By Clarence Walker
As marijuana legalization spreads into various states, some are allowing people who’d been previously been convicted of possession of a small amount of pot to clear their records.
They have their convictions either wiped off their record forever under state expungement laws or, in some cases, have low-level felony marijuana convictions be reduced to misdemeanors. In another variation, a marijuana conviction can be sealed from public view pursuant to a court order under a state’s nondisclosure law.
According to the Drug Policy Alliance, over 574,000 American citizens were charged with simple possession in 2016.
“It really makes sense to not burden these people with a lifelong criminal record,” Kate Bell, a lobbyist for the Marijuana Policy Project in Maryland, recently told the Washington Post.
Approximately 12 more states are considering marijuana legalization this year, with possibly more hopping on the express train as the continuing quest for marijuana legalization continue to roll down the tracks at full speed, making 2018 a pivotal year in the ever-growing movement to convince lawmakers to legalize pot in all 50 states.
“With over 60 percent of Americans now supporting the full legalization of marijuana for adults, the momentum behind marijuana law reform will not only continue but increase as we head into 2018,” said NORML executive director Erik Altieri.
People with prior marijuana convictions face a harsh reality when it comes to becoming a productive member of society with a criminal record. A simple marijuana conviction carries adverse consequences by diminishing a person’s access to employment and higher education, military induction denial, and a person can even be denied access to fair housing, particularly apartment rentals.
Recently at least 4,900 Californians petitioned the courts to have their prior marijuana convictions expunged off their criminal record.
Washington state legalized marijuana in 2012, yet many convicted citizens have been burdened with criminal records for simple misdemeanor pot convictions while slick wealthy investors make a killing selling legal weed. Moving to redress the injustice, Seattle Mayor Jenny Durkan announced in February that the city will toss several hundred low-level misdemeanor marijuana cases.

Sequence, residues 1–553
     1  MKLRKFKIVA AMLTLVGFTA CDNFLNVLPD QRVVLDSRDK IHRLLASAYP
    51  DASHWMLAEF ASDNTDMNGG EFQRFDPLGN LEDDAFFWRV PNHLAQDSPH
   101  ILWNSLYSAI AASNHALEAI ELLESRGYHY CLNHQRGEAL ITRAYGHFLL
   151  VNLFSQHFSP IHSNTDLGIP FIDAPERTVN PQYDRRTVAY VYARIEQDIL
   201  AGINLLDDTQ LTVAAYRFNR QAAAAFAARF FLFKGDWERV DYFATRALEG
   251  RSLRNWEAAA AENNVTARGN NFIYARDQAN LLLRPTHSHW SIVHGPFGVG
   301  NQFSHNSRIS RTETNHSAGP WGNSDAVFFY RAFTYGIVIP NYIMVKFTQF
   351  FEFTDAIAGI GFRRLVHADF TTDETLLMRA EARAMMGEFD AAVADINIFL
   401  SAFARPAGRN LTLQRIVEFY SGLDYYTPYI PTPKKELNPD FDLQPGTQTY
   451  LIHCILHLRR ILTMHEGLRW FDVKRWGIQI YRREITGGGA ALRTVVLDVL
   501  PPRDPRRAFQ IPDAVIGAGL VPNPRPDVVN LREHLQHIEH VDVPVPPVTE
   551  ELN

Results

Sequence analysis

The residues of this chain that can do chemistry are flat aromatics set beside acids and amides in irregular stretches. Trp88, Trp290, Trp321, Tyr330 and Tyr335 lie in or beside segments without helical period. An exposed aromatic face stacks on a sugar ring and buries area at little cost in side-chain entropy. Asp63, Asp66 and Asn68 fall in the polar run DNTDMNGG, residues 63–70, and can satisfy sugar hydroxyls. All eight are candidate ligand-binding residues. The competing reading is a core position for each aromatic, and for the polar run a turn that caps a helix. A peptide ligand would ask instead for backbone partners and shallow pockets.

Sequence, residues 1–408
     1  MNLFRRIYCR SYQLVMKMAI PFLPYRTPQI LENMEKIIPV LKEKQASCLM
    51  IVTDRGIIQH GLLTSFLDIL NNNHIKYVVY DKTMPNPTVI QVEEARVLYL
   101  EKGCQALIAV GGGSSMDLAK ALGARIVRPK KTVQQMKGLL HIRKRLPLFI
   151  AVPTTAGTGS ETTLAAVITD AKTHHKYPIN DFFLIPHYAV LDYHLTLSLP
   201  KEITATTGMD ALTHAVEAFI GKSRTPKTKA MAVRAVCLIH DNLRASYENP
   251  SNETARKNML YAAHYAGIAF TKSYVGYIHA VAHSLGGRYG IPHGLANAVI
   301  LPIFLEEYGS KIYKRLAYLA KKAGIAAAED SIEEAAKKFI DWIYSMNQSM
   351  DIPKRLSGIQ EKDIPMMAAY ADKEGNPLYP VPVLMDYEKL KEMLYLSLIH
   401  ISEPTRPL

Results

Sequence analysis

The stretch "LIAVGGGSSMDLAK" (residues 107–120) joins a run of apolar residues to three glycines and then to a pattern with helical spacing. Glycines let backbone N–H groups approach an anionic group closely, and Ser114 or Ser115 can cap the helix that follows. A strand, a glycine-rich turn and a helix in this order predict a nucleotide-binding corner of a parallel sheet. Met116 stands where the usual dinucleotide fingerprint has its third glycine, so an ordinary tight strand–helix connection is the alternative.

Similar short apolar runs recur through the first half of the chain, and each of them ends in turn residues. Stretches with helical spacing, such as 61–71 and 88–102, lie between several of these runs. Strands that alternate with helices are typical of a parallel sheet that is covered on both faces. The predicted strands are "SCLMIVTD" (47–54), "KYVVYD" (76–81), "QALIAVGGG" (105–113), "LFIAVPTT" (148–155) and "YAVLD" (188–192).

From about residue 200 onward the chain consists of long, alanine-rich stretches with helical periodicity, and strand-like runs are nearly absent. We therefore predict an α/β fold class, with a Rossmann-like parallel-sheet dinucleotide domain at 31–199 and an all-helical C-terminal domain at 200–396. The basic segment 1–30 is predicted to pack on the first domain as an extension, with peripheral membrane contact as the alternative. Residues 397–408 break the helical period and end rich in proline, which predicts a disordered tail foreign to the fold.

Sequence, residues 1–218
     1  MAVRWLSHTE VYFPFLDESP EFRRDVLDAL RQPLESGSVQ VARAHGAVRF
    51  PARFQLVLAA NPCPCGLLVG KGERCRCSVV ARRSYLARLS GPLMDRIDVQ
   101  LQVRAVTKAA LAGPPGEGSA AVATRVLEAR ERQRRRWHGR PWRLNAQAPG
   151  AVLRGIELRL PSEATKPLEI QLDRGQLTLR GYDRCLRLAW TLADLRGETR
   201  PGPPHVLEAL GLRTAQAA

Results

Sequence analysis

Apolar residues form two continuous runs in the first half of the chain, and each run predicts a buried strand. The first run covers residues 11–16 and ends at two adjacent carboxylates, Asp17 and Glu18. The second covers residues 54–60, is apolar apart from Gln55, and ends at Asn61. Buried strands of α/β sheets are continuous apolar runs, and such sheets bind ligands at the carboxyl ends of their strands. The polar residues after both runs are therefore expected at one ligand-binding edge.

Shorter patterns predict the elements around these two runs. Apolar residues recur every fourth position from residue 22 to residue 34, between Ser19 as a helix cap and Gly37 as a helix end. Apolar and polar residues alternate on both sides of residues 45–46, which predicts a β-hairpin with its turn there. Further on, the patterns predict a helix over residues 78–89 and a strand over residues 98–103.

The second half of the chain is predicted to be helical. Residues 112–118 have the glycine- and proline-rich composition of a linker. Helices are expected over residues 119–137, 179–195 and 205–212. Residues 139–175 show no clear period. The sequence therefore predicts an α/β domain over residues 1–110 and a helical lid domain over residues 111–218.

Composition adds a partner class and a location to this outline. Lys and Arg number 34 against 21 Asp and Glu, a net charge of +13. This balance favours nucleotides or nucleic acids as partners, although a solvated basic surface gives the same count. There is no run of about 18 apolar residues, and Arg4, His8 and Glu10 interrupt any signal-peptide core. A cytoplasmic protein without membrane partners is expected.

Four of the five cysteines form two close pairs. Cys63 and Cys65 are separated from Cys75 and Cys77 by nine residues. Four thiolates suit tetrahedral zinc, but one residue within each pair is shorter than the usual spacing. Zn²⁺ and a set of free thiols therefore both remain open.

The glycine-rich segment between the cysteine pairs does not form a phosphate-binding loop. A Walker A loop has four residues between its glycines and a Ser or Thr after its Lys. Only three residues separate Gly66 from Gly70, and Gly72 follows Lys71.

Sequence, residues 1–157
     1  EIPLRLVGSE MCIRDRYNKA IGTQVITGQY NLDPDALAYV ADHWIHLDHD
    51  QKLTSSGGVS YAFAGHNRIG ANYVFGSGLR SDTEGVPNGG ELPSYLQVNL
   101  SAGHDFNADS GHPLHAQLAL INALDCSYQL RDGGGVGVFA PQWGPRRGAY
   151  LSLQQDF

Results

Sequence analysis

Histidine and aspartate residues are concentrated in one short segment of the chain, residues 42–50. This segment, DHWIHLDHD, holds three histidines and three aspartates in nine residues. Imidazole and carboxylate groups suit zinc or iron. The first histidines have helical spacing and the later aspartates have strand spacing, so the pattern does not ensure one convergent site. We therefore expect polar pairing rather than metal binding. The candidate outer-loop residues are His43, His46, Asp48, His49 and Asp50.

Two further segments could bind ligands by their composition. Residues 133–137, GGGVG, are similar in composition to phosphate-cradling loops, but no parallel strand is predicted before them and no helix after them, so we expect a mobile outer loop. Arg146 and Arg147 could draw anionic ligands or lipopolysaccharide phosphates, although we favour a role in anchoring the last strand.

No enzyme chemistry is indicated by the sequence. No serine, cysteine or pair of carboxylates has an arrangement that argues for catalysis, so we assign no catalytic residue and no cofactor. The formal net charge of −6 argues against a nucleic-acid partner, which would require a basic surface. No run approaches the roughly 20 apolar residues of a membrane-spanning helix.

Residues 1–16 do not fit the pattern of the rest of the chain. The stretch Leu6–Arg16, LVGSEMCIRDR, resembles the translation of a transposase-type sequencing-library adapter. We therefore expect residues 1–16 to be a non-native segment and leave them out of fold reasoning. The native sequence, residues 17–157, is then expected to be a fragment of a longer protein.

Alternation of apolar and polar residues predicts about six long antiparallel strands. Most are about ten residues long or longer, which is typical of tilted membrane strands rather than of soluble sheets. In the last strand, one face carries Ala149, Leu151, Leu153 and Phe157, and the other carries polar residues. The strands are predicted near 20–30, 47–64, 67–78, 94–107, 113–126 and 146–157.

“The war on drugs ended up being a war on people who needed help, who needed opportunity and who needed treatment,” Durkan told a news conference at the time.
Similarly, prosecutors in San Francisco will throw out thousands of marijuana-related convictions dating back to 1975. San Francisco District Attorney George Gascon said earlier this year his office will dismiss and seal 3,038 misdemeanor convictions from before the state’s legalization of marijuana went into effect, with no action necessary from those convicted.
The moves make perfect sense. What else should happen to convictions for a victimless crime when that victimless behavior is now no longer a crime? American University Law Professor Jenny Roberts has an idea.
“If you’ve made a legislative determination that this is no longer criminal; why would you want to continue to have people feeling the ramifications of something that people going forward will no longer have to suffer?” she asked.
In many states that have legalized marijuana, lawmakers are moving in the same direction.
“Since this is now the law of Nevada, it’s important we allow folks who have made these mistakes in the past to have their records sealed up,” said Nevada Assemblyman William McCurdy, a Democrat who proposed a bill on the issue.
Oregon state law now allows people who’d been convicted of an ounce of marijuana or growing up to six marijuana plants to have their record sealed now that marijuana is legal.
But in Colorado, some lawmakers fought against the proposal. For example, the legislature considered a bill in 2014 to allow citizens to petition the courts to seal their criminal records for old convictions, but the bill died in committee after facing stiff opposition from prosecutors. The Colorado District Attorneys Council opposed the bill because, they argued, it allowed low-level drug dealers to wipe their records clean.